Hooray! Hooray! It’s Storytelling Day!

Hooray! Hooray! It’s Storytelling Day!
Category: Reading
Tagged: storytelling

Ira Glass once said, ‘Great stories happen to those who can tell them.’

This is certainly true of my own experience as a storyteller.

Though oral storytelling is an art form, arguably the oldest, it extends far beyond imaginative and creative self-expression.

Storytelling is innate within us all - it's primal, communal. Everyone, including the teller, belongs in the space in which a story is shared and benefits from that shared experience. Although there is a performance aspect present, true storytelling is about the relationship that is created and the connections it facilitates.

Storytelling connects us to those who have journeyed long before us

Stories help us to laugh and cry; to express joy and to give voice to grief. They bring healing and clarity, understanding and decisiveness. They can help us to honour the past, have courage in the present, and move us forward. Stories ask as many questions as they answer. They can influence as well as entertain; turn wisecracks into wisdom, help us discern how to love, live and forgive.

Storytelling connects us to those who have journeyed long before us. It connects us to our shared experiences, to ourselves and to each other.

That’s what I love most about storytelling: those moments of transcendence beyond the telling and the tale. The undeniable and indescribable privilege of creating a sigh the spirit can inhabit.

Storytelling may be entertaining, it may be enriching but - more than anything - it is essential to all that it is to be human. Stories are, perhaps, more of a heart-form than an art form.

How do we, therefore, quantify the benefits of storytelling? Measure the impact of something so seemingly ethereal and otherworldly? ‘Judge’ its merits in terms of funding and resources in public life and personal place in our own daily lives?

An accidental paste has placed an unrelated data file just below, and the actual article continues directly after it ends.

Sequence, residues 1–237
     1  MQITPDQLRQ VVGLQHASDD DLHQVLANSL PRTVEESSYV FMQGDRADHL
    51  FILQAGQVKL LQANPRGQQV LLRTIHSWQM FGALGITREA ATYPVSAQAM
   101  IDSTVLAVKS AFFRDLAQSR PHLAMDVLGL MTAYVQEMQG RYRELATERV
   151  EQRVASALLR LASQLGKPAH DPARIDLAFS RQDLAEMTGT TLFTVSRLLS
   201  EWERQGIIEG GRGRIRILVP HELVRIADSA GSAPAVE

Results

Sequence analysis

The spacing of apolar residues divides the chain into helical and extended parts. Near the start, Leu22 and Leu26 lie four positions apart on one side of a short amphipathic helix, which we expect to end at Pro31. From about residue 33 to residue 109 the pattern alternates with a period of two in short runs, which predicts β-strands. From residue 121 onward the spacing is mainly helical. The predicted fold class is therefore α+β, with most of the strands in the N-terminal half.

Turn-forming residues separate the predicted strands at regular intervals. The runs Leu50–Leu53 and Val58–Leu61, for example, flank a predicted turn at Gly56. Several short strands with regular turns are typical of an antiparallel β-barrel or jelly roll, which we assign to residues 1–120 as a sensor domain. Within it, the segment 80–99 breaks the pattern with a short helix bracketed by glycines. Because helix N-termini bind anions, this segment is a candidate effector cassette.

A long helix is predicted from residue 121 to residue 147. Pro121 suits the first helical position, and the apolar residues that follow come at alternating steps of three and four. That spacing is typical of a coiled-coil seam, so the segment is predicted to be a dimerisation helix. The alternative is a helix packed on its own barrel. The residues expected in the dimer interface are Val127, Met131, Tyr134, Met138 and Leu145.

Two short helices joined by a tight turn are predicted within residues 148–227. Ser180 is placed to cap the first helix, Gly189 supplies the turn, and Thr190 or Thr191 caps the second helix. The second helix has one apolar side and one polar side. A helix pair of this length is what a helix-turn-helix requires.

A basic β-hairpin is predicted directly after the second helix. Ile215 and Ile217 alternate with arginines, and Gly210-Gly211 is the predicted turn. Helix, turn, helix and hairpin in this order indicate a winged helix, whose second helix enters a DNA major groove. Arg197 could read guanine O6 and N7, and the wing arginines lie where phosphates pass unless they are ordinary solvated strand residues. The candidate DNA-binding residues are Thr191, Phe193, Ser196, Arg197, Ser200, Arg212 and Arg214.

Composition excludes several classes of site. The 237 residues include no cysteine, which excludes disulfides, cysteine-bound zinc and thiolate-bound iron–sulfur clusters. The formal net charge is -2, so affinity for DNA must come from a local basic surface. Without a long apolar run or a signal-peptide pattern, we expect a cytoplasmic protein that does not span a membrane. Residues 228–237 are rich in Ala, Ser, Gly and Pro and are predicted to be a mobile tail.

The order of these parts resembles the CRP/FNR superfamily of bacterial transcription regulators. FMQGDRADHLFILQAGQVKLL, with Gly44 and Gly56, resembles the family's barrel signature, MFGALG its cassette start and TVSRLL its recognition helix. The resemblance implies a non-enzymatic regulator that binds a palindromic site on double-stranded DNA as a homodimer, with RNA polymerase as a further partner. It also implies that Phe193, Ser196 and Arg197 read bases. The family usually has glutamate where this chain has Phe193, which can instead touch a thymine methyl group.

Stories are, perhaps, more of a heart-form than an art form.

These are huge questions and this is a little blog post. Perhaps it would be useful, and affirming, to reflect on how the sharing of stories at every age and stage has made an impact on you.  How has storytelling helped to:

  • Improve your communication and people skills (speaking, listening, participation in community)?
  • Enhance your experience of education and literacy?
  • Sharpen your memory and given you a framework for remembering?
  • Increase your understanding and comprehension?
  • Encourage your creativity and helped you to express yourself?
  • Become more aware of your own culture, roots, life stories and those of others?
  • Develop skills in self-discovery, emotional literacy and the ability to make sense or meaning of your life?
  • Strengthen your capacity for deeper thinking, observation, empathy and qualities like wisdom, courage and honesty?

These are all enriching and transformational benefits of storytelling.

Today is World Storytelling Day 2017. The theme for this year is Transformation. May you gather with those you love and share stories that will continue to shape who you are for many years to come. And remember, ‘great stories happen to those who tell them.’

Renita Boyle

Renita Boyle www.renitaboyle.com is a tale telling, tongue twisting troubadour, author and poet. She recently served as Reader-in-Residence for Scottish Book Trust in Dumfries and Galloway Libraries, is a directory member of the Scottish Storytelling Register and is Resident Storyteller for Wigtown Book Festival. 

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